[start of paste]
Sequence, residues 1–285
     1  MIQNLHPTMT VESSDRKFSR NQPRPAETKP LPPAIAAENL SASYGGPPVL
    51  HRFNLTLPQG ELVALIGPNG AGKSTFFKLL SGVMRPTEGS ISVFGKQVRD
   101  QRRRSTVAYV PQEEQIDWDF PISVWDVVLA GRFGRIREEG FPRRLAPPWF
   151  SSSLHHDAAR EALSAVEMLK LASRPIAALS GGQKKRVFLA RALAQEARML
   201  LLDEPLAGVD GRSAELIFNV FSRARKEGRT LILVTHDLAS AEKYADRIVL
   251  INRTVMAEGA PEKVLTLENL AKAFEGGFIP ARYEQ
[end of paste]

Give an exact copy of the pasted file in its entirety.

Sequence, residues 1–285
     1  MIQNLHPTMT VESSDRKFSR NQPRPAETKP LPPAIAAENL SASYGGPPVL
    51  HRFNLTLPQG ELVALIGPNG AGKSTFFKLL SGVMRPTEGS ISVFGKQVRD
   101  QRRRSTVAYV PQEEQIDWDF PISVWDVVLA GRFGRIREEG FPRRLAPPWF
   151  SSSLHHDAAR EALSAVEMLK LASRPIAALS GGQKKRVFLA RALAQEARML
   201  LLDEPLAGVD GRSAELIFNV FSRARKEGRT LILVTHDLAS AEKYADRIVL
   251  INRTVMAEGA PEKVLTLENL AKAFEGGFIP ARYEQ